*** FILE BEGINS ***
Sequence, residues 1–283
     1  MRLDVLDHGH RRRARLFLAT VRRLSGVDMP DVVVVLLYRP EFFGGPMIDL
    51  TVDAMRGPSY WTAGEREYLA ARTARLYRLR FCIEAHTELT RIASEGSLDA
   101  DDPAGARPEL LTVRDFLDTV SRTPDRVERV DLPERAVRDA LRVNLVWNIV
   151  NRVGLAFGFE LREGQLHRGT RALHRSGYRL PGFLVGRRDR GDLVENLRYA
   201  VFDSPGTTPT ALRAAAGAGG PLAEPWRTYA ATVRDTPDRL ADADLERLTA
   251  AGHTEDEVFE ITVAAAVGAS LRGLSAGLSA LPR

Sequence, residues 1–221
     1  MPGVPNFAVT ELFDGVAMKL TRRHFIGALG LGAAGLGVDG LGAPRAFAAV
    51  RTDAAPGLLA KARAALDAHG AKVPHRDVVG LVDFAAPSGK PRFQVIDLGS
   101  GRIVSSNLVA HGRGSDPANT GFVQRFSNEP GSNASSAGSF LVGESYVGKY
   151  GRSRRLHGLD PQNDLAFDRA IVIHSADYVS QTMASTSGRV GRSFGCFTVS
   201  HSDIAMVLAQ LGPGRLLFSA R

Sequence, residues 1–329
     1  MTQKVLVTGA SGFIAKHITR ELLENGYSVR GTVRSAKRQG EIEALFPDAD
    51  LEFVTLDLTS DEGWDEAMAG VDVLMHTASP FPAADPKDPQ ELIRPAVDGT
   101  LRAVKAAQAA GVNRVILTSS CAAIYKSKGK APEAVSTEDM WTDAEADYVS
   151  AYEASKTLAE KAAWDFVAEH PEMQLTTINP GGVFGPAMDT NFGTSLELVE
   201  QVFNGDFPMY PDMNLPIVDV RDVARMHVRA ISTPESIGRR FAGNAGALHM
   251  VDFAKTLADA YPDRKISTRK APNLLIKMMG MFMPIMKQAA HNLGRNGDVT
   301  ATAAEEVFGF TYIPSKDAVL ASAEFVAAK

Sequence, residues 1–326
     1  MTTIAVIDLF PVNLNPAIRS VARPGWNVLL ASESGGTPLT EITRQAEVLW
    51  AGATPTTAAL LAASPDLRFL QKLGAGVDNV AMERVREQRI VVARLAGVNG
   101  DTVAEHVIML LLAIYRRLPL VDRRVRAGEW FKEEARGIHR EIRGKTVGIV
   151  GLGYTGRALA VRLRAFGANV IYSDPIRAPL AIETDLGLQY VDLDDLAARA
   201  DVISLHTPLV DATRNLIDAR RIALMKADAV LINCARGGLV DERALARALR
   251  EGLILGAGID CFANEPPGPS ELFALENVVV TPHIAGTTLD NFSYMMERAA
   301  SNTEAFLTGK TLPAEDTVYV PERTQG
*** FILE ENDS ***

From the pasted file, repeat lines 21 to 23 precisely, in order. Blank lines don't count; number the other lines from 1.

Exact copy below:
   301  ATAAEEVFGF TYIPSKDAVL ASAEFVAAK

Sequence, residues 1–326
     1  MTTIAVIDLF PVNLNPAIRS VARPGWNVLL ASESGGTPLT EITRQAEVLW